Critics of the coalition may see military action as a threat and think that it will only intensify the problem. However, such critics seem to be ignoring that it was the inaction towards the atrocities in Syria and the failed state in Iraq that resulted in the swelling of ISIS's ranks from a few hundred to nearly 30,000 according to the latest estimates.
ISIL leaders have connections in the black market of international finance. The real intelligence needed to understand what is going on in the region is not targets for the U.S. Air Force, but the type of financial intelligence General Petraeus tasked General McMaster to find in Afghanistan in 2010.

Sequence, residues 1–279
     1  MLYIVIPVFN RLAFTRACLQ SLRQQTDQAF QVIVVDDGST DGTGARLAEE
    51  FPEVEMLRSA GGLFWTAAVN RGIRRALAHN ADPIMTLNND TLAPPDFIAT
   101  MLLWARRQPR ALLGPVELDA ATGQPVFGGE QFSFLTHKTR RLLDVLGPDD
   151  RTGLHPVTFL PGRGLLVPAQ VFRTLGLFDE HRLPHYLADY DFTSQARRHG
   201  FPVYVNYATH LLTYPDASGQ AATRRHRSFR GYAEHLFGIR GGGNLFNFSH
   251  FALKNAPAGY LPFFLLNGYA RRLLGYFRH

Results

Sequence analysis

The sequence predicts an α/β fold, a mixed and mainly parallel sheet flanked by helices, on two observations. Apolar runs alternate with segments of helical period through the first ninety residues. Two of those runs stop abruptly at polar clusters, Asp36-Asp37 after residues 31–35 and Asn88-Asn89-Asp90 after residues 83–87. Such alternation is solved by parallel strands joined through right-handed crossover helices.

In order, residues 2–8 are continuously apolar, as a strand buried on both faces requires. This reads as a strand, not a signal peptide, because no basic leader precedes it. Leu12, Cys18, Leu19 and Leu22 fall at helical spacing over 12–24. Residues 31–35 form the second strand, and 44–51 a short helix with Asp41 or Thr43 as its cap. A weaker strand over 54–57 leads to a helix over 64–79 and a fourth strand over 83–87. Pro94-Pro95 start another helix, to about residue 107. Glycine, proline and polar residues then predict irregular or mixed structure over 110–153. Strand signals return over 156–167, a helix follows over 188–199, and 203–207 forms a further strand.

Historically, effective resistance to excessive Islamization in Muslim-majority countries has often been headed by the military, as champions of secularism. This has been obvious in the modern history of the Middle East. Where monarchies have reigned, Islam's role has been harder to predict. And so in Brunei, a stable country living off oil wells, the sudden implementation of hudud has left many baffled. The government has suppressed social media response against the sudden imposition of hudud. Whether the whole exercise is simply the whim of an autocrat or long-term strategic politics is too early to determine.